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Image: Wikimedia Commons

Before I moved into my first student house, I was expecting the experience to mirror a less blow-dried episode of Friends. But what I got was a slice of Addams Family with a side of Bugs Life.

My first house crawled with dirt- literally: bugs on the floor, bugs on mattresses, the stench of rot welcoming me home. The only area of warmth was the inside of the fridge, while the shower was glacial. We’ve all been there: screaming at shower heads, blaming them for our end-of-term breakdowns.

Moreover, I didn’t really get on with my housemates. Freshers, be warned: in second year you discover who your friends are. The first-year me was caught up in the apocalyptic wind of the housing agreement rush. But I learnt valuable lessons at this student house, such as the deadly sins of student housing which include: clipping toe-nails on the communal sofa and clogging sinks with porridge. With the falling of the plaster, so my love of student-housing declined (much like my bank account that was suffering the punch of £110 a week for a stingy box-room 45 minutes from campus.)

Vic Street is the Hollywood Boulevard of Exeter accommodation.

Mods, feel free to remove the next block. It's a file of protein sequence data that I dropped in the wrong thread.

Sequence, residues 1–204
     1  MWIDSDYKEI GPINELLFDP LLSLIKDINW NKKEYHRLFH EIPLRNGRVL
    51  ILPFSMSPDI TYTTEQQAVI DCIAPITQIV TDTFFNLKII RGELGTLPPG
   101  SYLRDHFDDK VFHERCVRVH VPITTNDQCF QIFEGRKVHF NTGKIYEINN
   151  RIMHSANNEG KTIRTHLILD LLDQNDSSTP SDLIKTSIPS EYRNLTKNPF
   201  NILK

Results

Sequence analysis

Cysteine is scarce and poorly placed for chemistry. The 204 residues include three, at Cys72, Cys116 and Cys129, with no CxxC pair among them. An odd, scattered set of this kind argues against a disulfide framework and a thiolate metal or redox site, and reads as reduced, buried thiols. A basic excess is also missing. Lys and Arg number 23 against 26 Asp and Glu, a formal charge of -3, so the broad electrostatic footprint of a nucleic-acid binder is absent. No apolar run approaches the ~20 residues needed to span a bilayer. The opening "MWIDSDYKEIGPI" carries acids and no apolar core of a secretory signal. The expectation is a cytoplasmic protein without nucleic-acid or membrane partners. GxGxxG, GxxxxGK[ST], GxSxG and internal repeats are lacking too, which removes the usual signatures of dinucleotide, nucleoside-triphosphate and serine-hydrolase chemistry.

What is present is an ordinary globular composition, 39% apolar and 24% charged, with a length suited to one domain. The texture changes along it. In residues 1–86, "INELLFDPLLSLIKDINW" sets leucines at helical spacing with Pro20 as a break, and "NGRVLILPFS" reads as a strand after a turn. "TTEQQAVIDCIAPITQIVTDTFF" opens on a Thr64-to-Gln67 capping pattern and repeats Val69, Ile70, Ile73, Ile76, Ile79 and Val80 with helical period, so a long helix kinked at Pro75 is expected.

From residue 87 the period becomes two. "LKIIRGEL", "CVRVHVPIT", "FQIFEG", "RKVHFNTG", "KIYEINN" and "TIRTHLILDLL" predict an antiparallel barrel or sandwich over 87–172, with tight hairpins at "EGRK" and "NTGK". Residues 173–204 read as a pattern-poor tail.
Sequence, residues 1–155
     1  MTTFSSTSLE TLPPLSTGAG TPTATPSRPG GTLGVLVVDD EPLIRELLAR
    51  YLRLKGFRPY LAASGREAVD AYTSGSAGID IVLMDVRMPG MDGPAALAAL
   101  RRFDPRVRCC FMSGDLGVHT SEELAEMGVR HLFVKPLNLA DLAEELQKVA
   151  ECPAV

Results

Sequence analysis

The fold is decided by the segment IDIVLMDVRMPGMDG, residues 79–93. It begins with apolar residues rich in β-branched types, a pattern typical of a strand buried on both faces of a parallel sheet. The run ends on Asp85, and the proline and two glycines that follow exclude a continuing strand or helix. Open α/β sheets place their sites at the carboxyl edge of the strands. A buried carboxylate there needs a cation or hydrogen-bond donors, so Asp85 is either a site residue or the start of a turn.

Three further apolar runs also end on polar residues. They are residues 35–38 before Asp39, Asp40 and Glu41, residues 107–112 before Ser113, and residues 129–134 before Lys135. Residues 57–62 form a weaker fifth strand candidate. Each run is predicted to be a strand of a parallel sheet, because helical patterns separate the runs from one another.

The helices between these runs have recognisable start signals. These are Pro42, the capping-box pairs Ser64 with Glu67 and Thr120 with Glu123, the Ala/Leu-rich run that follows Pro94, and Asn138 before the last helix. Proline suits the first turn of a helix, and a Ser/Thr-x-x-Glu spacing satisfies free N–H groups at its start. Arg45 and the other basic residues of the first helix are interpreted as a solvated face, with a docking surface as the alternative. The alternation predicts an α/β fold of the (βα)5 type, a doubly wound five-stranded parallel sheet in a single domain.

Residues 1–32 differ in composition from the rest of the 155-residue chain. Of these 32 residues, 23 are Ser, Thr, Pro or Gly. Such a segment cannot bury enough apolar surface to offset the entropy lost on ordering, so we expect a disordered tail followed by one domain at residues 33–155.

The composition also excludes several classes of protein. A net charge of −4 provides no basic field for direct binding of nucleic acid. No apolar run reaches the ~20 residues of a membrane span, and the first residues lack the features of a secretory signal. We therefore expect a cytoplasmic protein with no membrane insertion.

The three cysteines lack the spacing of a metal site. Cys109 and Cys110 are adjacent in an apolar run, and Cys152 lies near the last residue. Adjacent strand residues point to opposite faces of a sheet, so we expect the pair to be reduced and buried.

The only option was escape. I’d go on nights out purely to camp (complete in clubbing attire) on my friend’s leather sofa on Vic Street. Vic Street is the Hollywood Boulevard of Exeter accommodation, the social-elite of Exeter need a place to call home, and Vic street is that domino-box scattered road to success. It was here where I saw how amazingly supportive a house can be, and how they would help each other through personal hardships. Living together, if it works, forms a bond akin to siblings, and that’s something to really treasure. I loved the community at Vic Street, but the sofa was stiff and I was technically illegally squatting.

Image: Olivia Denton

Needing mercy, I spent a lot of time at my boyfriend’s house; yup I was ‘that girl’. At the boyf’s, I experienced the crème de la crème of Exeter accommodation, the cheese on the pile of soggy chips of Exeter accommodation. This house had a gardener and three spare bedrooms…need I go on? Here, nabbing a kitchen hob and resisting social all-nighters at the kitchen table were the only challenges I faced. But, I didn’t have a room to hide out in and pretend to be ‘working’ whilst bingeing hard on Netflix. I have no ‘house nights’, no familial bonds and with no funds left to find another housing spot, I can feel pretty ‘home’ less.

clean kitchen surfaces are but a sweet memory.

Housing can be a nightmare, water becomes mythological and clean kitchen surfaces are but a sweet memory. But it’s a time where rules don’t exist, where we are surrounded by our friends and we can indulge in home-ware shopping (I don’t know about you, but I’m seeking help for my addiction to TK Maxx Home). At the end of the day, housing makes our parents’ place seem like a luxury hotel, and if we choose the right people, it can be one of the most valuable and exciting times of our lives.

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